There are myriad challenges – the future of the dormant Panguna mine, in particular, has already caused deep divisions. No one is sure what the transition period will look like if a yes vote is ratified by Papua New Guinea. As a possible model, some have referred to the UN mission in Timor-Leste, where a transitional administration governed for three years before full sovereignty was achieved.
Ideally Bougainville’s political status should be resolved within the Pacific family. Australia, along with New Zealand, should act as “honest brokers” and help to nudge all sides towards a final settlement, rather than allow long-running resentments to fester, which could result in more distant powers such as China increasing their involvement. Australia and New Zealand can be proud of their role in deploying unarmed peacekeepers (almost unheard of in the annals of international peacekeeping) and allowing kastom reconciliation processes to occur, including local ceremonies where former militants line up to break bows and arrows, shake hands and chew betel nut together. These events put local communities and culture at the heart of the peace process and have become something of a model for conflict resolution elsewhere.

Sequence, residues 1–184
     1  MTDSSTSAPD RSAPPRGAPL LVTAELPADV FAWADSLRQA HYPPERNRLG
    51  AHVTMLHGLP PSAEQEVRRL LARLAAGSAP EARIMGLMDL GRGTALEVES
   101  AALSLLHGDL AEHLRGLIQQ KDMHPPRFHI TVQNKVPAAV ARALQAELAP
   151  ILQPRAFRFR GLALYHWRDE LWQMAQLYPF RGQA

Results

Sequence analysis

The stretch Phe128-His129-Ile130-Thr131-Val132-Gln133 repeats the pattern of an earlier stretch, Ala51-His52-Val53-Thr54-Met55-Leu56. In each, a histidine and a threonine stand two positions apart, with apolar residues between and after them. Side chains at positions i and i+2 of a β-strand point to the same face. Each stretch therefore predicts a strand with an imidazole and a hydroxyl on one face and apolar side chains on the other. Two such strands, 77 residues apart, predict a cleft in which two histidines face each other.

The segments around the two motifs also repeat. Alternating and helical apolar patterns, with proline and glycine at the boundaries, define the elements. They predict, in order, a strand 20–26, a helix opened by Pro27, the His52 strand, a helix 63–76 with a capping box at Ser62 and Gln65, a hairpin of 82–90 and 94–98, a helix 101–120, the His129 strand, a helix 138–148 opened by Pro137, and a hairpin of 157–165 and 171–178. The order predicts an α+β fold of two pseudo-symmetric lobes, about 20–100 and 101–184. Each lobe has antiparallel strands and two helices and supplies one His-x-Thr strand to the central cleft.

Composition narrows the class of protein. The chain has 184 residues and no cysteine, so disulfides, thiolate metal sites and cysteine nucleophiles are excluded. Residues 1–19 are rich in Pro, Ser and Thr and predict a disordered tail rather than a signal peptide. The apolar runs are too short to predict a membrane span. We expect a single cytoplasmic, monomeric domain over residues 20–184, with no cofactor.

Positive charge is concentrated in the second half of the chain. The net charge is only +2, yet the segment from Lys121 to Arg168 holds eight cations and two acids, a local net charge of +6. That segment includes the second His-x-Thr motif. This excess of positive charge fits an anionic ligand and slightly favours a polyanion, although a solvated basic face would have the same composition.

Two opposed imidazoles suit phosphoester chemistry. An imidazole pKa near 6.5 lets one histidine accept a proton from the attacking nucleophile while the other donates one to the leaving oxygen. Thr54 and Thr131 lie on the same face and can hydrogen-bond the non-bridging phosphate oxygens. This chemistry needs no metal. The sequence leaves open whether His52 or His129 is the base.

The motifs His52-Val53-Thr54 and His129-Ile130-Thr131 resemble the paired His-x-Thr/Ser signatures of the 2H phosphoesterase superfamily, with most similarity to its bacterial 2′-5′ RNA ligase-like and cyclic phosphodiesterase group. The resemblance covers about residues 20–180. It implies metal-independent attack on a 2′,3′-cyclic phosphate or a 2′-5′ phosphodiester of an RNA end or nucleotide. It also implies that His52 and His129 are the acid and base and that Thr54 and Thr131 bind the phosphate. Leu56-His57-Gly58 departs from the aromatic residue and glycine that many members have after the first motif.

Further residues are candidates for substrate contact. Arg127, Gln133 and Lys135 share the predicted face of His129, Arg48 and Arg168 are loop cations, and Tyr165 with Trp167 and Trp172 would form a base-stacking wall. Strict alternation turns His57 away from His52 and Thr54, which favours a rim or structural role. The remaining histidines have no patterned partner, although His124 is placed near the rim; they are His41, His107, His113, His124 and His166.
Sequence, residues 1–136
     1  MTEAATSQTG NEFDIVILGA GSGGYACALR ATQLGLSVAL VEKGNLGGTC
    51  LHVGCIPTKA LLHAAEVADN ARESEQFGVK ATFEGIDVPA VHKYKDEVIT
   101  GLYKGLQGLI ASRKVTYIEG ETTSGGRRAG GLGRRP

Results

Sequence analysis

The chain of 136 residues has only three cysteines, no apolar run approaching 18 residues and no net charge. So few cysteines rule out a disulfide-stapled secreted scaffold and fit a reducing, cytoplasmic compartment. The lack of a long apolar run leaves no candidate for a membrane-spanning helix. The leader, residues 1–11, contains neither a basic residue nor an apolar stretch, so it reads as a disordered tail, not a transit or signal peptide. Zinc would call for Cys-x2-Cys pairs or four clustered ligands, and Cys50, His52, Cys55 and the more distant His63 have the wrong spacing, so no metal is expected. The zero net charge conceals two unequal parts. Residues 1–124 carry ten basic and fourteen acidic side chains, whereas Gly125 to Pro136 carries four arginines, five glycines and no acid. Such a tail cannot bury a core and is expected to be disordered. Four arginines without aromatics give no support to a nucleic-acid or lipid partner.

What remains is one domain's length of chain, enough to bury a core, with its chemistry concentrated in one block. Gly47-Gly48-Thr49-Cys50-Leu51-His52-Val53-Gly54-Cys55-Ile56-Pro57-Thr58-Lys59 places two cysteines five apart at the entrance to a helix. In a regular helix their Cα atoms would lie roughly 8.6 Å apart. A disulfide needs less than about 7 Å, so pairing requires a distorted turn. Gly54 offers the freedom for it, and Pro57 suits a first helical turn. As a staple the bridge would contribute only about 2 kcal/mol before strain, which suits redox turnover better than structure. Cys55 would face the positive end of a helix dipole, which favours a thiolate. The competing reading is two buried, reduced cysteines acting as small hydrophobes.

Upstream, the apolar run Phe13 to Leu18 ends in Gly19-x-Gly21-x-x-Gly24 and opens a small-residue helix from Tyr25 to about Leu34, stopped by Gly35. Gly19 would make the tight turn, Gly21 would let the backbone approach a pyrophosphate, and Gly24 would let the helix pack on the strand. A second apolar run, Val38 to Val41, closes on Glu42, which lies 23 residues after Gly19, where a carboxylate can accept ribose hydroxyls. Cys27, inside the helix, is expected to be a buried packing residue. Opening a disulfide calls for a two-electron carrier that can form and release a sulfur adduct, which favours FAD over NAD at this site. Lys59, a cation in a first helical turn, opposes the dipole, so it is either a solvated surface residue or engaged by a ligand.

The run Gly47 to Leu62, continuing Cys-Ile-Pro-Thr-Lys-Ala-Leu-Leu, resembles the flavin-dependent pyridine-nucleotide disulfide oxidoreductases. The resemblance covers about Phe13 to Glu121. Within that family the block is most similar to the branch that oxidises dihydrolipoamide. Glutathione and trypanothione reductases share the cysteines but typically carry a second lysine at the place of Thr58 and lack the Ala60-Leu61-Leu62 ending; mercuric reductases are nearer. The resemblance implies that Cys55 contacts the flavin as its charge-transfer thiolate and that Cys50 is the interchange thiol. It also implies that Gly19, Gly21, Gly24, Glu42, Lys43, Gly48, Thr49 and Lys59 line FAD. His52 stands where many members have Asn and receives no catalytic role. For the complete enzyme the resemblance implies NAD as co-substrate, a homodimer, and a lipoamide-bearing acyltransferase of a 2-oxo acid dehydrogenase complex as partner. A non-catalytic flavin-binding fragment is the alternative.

In the lead-up to the referendum, Australia needs to play an even hand but also to signal to the Bougainville people that it is now genuinely neutral towards Bougainville’s possible statehood. It will be difficult for Australia, Papua New Guinea and the rest of the region to deny the island group’s aspirations without creating a fresh crisis.
There remains unfinished business here. Australia has an opportunity to help resolve the status of this disputed territory within the Pacific family and to move past its previous complicity in the war. Francis Ona died in 2005 but his ghost still hovers over the island, a potent figure of nationalism and resistance. Bougainville’s leaders want to be at peace with Australia – and Papua New Guinea – without the need to resist again.